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Tested: Why almost every PC could use a video card upgrade

Marco Chiappetta | April 10, 2014
There was a time when no PC could play a decent game unless it was outfitted with a discrete graphics processor. Today, most off-the-shelf desktop rigs--and nearly all notebook PCs--rely entirely on the CPU for video and graphics processing. And yet the market for discrete graphics continues to thrive. If you don't give a flying joystick about playing AAA PC games, is a video card a worthwhile upgrade? Let's compare the performance of integrated and discrete graphics processors to find out.

And now for the numbers

Here's where the rubber meets the road: We assembled two systems, the first of which had an AMD A8-7600 APU with Radeon R7 series integrated graphics in an Asus A88X-Pro motherboard. The second system featured an Intel Core i5-4670 processor with Intel HD 4600 integrated graphics in a Gigabyte Z87X-UD5 TH motherboard. Both systems were outfitted with 16GB of memory, a Samsung 840 Pro SSD for storage, and a 1000-watt Silverstone power supply. The 64-bit version of Windows 8.1 Pro x64 was installed on both systems.

We ran a series of benchmarks — some gaming-oriented, some focused on productivity and content creation — using just the graphics processors integrated into the respective CPUs. We then installed a Radeon R9 280X video card (this particular model was from XFX) in each system and reran all the benchmarks.

As you can see from the charts (we didn't create one for every benchmark we ran), adding a discrete graphics card improved performance nearly across the board — and it wasn't only games that benefited. In PCMark 8, for instance, we ran the OpenGL-accelerated versions of the Home and Work suiters. This API leverages all of the PC's available compute resources, both its CPU and its GPU. Adding a discrete GPU to the equation boosted the system's performance on this one benchmark between 3 percent and 19 percent.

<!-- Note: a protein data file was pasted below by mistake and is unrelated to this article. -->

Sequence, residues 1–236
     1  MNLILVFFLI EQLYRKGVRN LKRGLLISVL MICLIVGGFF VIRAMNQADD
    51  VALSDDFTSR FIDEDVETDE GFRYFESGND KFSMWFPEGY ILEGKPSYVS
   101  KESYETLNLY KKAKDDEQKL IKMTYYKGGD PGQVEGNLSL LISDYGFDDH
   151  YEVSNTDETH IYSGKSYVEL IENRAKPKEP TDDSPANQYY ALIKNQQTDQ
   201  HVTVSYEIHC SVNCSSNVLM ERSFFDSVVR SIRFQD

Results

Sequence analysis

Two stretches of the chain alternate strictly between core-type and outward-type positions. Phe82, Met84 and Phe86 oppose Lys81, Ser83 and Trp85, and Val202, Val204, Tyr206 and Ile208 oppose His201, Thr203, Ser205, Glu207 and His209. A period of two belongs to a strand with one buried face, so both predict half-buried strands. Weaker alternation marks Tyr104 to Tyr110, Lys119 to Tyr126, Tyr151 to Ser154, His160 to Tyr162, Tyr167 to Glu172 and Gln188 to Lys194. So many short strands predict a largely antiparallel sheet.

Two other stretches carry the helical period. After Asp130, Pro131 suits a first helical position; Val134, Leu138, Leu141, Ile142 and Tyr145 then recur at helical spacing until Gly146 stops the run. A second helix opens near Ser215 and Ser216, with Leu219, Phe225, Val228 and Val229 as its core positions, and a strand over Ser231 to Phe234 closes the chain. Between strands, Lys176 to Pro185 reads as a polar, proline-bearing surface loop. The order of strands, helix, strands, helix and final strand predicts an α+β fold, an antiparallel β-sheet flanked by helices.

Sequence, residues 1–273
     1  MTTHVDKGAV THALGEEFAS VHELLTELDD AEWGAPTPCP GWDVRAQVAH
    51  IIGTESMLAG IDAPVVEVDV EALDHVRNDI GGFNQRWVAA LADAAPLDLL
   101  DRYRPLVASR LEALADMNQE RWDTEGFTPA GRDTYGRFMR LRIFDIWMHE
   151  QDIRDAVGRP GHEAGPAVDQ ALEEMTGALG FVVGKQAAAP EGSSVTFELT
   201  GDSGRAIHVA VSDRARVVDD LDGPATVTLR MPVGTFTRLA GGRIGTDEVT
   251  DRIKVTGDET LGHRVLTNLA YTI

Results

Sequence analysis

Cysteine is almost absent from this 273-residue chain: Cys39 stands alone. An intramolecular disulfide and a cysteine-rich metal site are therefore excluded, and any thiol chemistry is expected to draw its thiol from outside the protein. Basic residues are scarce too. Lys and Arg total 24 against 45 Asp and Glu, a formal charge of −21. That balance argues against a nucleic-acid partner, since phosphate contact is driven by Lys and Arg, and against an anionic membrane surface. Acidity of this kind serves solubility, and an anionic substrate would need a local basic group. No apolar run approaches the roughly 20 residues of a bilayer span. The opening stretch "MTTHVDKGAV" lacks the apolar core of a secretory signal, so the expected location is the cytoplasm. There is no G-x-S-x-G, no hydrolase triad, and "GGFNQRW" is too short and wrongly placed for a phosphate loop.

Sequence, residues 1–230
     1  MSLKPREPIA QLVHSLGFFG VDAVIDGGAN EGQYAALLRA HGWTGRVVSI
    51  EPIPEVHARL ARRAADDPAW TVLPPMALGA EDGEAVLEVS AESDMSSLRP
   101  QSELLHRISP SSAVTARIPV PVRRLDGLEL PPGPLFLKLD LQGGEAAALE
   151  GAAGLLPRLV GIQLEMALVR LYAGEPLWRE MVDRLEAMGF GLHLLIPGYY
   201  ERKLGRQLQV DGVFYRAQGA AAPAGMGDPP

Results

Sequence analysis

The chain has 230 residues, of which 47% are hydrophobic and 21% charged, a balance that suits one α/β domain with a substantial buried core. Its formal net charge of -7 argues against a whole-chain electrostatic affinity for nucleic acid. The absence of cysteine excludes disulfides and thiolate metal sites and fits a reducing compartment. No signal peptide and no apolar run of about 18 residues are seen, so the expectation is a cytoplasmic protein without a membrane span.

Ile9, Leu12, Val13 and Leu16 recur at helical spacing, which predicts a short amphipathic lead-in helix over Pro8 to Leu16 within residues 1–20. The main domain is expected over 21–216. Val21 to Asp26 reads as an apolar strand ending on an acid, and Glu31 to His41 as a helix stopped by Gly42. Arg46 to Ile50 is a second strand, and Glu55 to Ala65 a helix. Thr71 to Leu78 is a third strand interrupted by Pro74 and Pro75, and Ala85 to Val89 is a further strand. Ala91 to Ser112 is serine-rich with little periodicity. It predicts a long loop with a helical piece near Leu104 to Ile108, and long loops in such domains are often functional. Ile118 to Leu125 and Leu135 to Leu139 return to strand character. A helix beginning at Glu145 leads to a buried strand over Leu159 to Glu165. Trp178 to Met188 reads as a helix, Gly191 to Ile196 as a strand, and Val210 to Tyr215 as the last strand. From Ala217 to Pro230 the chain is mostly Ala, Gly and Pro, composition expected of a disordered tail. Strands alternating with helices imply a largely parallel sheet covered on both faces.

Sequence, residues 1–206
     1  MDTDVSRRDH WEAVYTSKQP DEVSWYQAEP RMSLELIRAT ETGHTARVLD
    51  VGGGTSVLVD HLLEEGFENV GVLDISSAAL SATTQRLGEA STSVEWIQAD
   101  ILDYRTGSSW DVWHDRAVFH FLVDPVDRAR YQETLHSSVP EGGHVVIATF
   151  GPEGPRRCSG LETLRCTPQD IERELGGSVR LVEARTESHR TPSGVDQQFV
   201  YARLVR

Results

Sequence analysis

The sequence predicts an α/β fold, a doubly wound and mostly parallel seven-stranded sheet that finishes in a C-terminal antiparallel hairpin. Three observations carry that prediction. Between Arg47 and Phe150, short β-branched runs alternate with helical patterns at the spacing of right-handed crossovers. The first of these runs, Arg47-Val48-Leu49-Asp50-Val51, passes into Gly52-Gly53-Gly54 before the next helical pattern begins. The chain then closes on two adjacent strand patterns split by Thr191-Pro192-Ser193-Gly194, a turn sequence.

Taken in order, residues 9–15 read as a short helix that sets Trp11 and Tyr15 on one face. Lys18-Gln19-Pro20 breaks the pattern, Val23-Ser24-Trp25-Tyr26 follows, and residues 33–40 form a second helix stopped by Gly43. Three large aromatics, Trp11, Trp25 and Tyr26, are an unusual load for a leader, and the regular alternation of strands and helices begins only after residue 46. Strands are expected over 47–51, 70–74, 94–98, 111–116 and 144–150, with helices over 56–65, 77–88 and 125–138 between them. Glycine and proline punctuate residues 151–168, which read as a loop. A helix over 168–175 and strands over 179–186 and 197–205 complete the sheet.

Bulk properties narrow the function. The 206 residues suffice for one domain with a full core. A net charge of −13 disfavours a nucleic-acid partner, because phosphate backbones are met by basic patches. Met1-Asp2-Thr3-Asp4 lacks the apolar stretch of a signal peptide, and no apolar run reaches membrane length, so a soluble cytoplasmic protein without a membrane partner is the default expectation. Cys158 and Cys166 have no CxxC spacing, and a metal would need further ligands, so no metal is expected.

Adding a GPU had very little impact on the Cinebench multi-threaded CPU benchmark scores, but it boosted the Intel-based system's performance with the Cinebench OpenGL benchmark by a staggering 79 percent, and the AMD-based system's performance on this benchmark by 42 percent.

People often assume that casual gamers — folks who play Farmville, Angry Birds, and other "simple" games — will see no benefit from discrete graphics. But when we added a discrete GPU to each system, we saw significant performance gains with Microsoft's browser-based HTML5 benchmark, Fishbowl. This particular test is capped at 60 frames per second (the refresh rate of most monitors), and it hit that cap in three of the four tests we ran with the discrete graphics card installed. As casual games become more complex, so will their need for GPU horsepower.

Speaking of complex games, adding a discrete GPU delivered a major shot in the arm to our test systems when it came to delivering BioShock Infinite (at resolution of 1920 by 1080 pixels) and the synthetic gaming benchmark 3DMark Fire Strike.

But there is one application where adding a discrete video card did not have a significant impact: Video playback. We saw very little impact on CPU utilization while streaming both YouTube videos (HTML5) and video files encoded using the h.264 codec and placed inside MKV containers.

The bottom line is that nearly every desktop PC user can benefit from the addition of a discrete graphics processor. Video cards aren't just for gamers, but the benefits for gamers far outweigh the benefits delivered to mainstream users.

 

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